Ana Mari Cauce, a trained clinical psychologist and now dean of the UW Colleges of Arts and Sciences, will become the university's new provost Monday.
Ana Mari Cauce says there’s a joke among academics about what a university provost does: She’s the one who follows behind the college president and says, “What he really means is, ‘No.’ “
Cauce, now the dean of the University of Washington College of Arts and Sciences, will become provost for the university on Monday. As second in command, she’ll run the school from day to day, making academic and budget decisions.
But even though she’ll be saying “no” a lot, the Cuban-born academic thinks the university’s glass is half-full — despite a 50 percent cutback in state funding and the threat of an additional 17 percent cut next year.
Trained as a clinical psychologist, Cauce, 55, sees the UW as if it were a patient going through a crisis. “When you’re in periods of flux and turmoil and crisis, there’s real possibility for change,” she said.
- Narcotics dog hospitalized after ingesting meth
- It's no easy task, but contract extension for Seahawks QB Russell Wilson will get done
- 5 Seahawks takeaways from the NFL League Meetings
- Unusual motel sting casts wide net on illicit activity
- Priced out? Growing numbers appear to be fleeing King County
Most Read Stories
“Budget cuts do bring out the creativity in people, and we are doing amazing, creative work here that will position us well for the future.”
For example, the down economy is a big plus when the UW is looking for new professors. And despite budget cuts, the university has been able to hire new professors because its overall enrollment on all three campuses has grown by about 5,000 students in the past five years, she said.
UW job postings draw hundreds of applicants, Cauce said. Another thing working in the UW’s favor: Seattle housing is more affordable now — a problem that once kept many good academics from considering moving here, she said.
“If things go reasonably well for us during this budget period, 10 years from now — or probably 50 years from now — someone will look back and say, ‘My God, look at how Seattle, how Washington state, how wonderfully we were positioned,’ ” she said.
Cauce is expected to be approved by the UW’s Board of Regents this month, but it’s just a formality. She starts the new job, with its $405,000-a-year salary.
“She is very clearheaded and open and sincere,” said Susan Astley, president of the UW Faculty Senate, adding that the faculty was pleased by her nomination. “It just seemed unanimous — the faculty were quite thrilled.”
UW President Michael Young has called Cauce “very smart and extremely knowledgeable about the university and much of its workings.” As dean of the College of Arts and Sciences, she ran the UW’s largest and oldest college, with 25,000 students.
Young said Cauce has done “a very good job of managing budgets and deploying money in a way that realizes a larger vision.”
Cauce expects to work closely with Young on the day-to-day running of the university. Like most university presidents, Young spends much of his time fundraising, promoting the university and lobbying the Legislature. Because he’s only been UW president since July, Young said he expects Cauce’s institutional knowledge to be especially valuable.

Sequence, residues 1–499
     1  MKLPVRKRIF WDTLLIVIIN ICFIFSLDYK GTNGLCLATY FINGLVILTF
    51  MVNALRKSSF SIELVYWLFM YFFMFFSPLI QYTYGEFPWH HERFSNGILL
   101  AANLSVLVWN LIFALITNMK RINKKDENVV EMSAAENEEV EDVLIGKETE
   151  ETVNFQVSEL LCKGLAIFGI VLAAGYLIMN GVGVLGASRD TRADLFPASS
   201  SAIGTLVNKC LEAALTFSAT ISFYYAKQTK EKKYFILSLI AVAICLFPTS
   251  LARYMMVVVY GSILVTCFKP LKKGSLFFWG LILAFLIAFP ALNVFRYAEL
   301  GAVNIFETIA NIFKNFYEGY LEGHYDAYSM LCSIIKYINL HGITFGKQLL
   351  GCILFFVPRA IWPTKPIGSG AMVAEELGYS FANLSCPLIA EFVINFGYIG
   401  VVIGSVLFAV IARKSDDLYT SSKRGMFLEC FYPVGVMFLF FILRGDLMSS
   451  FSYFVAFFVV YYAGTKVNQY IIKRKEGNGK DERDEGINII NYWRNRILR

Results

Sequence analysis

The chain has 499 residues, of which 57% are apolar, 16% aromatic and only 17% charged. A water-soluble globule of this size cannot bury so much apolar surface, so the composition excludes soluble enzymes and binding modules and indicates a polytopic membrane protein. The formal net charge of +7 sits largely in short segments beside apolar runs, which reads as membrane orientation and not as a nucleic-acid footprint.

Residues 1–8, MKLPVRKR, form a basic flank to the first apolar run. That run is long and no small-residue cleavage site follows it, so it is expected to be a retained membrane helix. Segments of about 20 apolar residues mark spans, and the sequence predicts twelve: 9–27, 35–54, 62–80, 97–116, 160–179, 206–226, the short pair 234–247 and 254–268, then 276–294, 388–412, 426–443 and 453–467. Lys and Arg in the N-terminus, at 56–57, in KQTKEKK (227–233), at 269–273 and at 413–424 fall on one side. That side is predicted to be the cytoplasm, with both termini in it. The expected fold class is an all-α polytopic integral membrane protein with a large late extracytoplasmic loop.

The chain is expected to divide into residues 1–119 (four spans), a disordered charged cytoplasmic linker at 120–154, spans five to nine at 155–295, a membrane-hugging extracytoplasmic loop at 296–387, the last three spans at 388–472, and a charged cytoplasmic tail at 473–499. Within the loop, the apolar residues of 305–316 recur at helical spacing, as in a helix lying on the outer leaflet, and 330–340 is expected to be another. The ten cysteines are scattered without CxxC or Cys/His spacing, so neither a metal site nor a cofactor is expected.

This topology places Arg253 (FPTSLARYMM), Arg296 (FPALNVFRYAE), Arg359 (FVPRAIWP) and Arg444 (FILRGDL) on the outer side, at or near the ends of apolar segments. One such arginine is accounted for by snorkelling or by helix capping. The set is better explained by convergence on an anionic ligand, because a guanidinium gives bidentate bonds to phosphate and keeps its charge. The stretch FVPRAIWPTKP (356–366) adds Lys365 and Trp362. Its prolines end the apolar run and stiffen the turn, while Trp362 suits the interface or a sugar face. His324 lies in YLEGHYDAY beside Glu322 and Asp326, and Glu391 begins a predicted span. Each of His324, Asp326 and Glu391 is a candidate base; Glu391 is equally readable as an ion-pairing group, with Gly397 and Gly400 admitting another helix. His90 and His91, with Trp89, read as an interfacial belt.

Some of the university’s biggest challenges include a squeeze in several academic departments, including computer science, which has had to turn away four of every five students who applied this year because there wasn’t enough room. The university is capping enrollments in a number of other majors, including economics, biology, chemistry and international studies, Cauce said.
A few critics have suggested that the UW eliminate some majors — especially those in liberal arts — and put that money instead into high-demand fields such as engineering and computer science.
But Cauce, who has been dean of the College of Arts and Sciences for three years, said tuition alone pays the full cost of educating many liberal-arts majors. Some of those programs even make a profit, helping to subsidize more expensive programs.
“We could take the price of tuition to $18,000 a year and it still wouldn’t raise an engineer,” she said. Resident tuition and fees now total $10,575 annually.
She said it’s also important to know that liberal-arts programs do lead to jobs — her niece, who majored in English at the UW, is now a successful screenwriter, and her nephew, who majored in geography, works as a city planner.
Cauce was born in Cuba and grew up in Miami. Her family fled the country during the Cuban revolution, when Cauce was 3 years old. Both parents took jobs in shoe factories, hoping Castro would be deposed and they could return to Cuba.
Cauce said she grew up in a family that was “pretty close to dirt poor,” which has made her cautious about spending money, but that her parents — her father was the Cuban minister of education under Fulgencio Batista — prized a good education above all else.
For recreation, Cauce likes to take long, meditative walks, and she considers herself an amateur birder.
Last year, on a vacation she helped count little penguins in Australia, hard work that included pulling the baby penguins out of their burrows so they could be weighed and tagged.
Angry birds? Done that, for real. Cauce pulled up her sleeve to show a scar on her bicep. That, she said proudly, is a penguin bite.
Katherine Long: 206-464-2219 or firstname.lastname@example.org. On Twitter @katherinelong.